Dutch Health Insurance: 5 Things You Should Know
In the Netherlands, health insurance is mandatory. Even if you have a great health insurance back in your own country, you will only be able to take advantage of it in the Netherlands for a short amount of time. As soon as you start working here, you will be obliged to get a Dutch Health Insurance. Whilst this may seem quite daunting in the beginning, I have your back and are here to help! At the end of this article you will be able to find a comparison tool for the best health insurance. Make sure to take advantage of it. But first, here are the 5 things you should know about setting up a Dutch Health Insurance:
1. Health insurance is mandatory in the Netherlands (but check if you actually need to get it yourself anyway!)
This may sound silly seeing as we just told you, you will very likely need one, but you should check nevertheless. Here are the criteria for needing a Dutch Health Insurance:
- EU/EEA/Swiss Citizens- EU/EEA/Swiss citizens that are living in the Netherlands on a temporary basis, not exceeding one year can make use of their European Union Health Insurance Card (EHIC) in order to avail healthcare. However, whether their stay is temporary or not needs to be ratified by the EHIC. If not considered temporary, they would too have to apply for the standard Dutch health insurances.
- Employees- Every employee, irrespective of the field or position you work in and the nationality of your birth, will have to apply for a Dutch public health insurance. So in short if you’re working in the Netherlands, you need to be insured by the Netherlands.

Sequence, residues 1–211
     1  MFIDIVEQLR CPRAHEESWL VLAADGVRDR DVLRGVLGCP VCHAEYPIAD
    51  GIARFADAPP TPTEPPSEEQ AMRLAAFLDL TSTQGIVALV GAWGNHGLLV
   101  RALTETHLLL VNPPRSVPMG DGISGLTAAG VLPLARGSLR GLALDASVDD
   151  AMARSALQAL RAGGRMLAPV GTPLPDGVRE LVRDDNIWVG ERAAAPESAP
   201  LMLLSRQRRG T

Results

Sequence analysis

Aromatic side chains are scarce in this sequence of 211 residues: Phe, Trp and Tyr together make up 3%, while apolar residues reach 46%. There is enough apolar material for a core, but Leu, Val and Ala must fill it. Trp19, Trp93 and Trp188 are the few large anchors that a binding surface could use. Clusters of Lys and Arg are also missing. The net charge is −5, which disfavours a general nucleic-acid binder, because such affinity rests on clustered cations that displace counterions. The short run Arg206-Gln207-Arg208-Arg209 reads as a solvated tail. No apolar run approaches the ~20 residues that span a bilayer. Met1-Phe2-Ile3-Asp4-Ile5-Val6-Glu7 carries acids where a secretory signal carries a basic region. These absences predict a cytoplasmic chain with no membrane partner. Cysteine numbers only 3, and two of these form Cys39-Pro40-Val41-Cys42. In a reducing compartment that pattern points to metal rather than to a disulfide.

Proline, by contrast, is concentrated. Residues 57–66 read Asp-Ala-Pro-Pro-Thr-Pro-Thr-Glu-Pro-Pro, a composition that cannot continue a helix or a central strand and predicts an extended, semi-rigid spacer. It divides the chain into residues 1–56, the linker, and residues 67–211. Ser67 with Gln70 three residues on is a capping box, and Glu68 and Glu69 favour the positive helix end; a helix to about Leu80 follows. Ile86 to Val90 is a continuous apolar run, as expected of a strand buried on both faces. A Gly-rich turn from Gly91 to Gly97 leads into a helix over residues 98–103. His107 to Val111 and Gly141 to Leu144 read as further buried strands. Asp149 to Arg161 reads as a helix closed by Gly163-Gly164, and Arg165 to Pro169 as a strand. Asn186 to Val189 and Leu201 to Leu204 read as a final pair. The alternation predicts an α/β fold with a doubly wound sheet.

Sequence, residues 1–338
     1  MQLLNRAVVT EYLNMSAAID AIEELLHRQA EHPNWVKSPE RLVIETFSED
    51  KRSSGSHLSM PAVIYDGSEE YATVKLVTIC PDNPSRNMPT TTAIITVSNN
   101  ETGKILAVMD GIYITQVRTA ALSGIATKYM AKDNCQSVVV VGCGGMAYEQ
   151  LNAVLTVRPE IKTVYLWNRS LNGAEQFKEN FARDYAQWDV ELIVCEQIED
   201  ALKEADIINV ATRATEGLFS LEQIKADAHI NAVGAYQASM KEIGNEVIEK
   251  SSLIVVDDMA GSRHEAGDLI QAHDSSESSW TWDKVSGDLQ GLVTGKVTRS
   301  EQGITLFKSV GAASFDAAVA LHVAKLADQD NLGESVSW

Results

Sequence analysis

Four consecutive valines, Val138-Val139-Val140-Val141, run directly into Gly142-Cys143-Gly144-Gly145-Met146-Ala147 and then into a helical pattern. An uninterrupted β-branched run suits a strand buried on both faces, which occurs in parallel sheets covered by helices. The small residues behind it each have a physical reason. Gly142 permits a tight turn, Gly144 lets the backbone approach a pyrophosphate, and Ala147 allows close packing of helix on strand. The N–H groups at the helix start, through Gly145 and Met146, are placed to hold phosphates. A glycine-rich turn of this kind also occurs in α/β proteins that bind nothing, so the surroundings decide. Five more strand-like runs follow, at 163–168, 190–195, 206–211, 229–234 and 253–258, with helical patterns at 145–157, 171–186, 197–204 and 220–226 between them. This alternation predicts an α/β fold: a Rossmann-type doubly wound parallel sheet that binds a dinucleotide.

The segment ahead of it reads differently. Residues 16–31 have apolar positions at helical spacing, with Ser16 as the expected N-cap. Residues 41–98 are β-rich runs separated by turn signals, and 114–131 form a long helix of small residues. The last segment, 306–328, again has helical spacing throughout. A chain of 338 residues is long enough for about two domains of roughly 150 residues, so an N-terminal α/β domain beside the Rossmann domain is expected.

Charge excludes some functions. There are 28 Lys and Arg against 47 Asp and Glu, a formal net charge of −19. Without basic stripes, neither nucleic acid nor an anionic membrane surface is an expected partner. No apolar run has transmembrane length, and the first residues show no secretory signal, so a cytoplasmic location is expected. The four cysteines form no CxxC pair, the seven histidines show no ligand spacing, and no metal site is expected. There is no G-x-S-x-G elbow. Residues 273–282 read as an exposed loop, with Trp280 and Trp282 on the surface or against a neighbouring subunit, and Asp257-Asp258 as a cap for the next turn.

- Citizens not belonging to EU- Non-EU citizens who have been staying in the Netherlands for more than four months are required to apply for an acquire a standard Dutch public health insurance. Some might have to apply for private health insurances owing to personal reasons or illnesses.
- Students- Foreign students in the Netherlands, who have a part-time job or employment of any sort, are required to apply for the standard Dutch public health insurance. EU/EEA/Swiss students are usually covered by the EHIC for the whole duration of their study (even if this exceeds one year). However non-EU/EEA/Swiss citizens (regardless of employment status) will have to acquire health insurances from private agencies in order to cover their healthcare costs.
- Children- Children who are under the age of 18 years are looked after by the Dutch health insurances of their parents.
You should also check with your employer first whether the company will set up health insurance for you. The reason you should take advantage of this option, if it is a possibility, is because companies usually get better rates and discounts so it could be a good way to save you some money.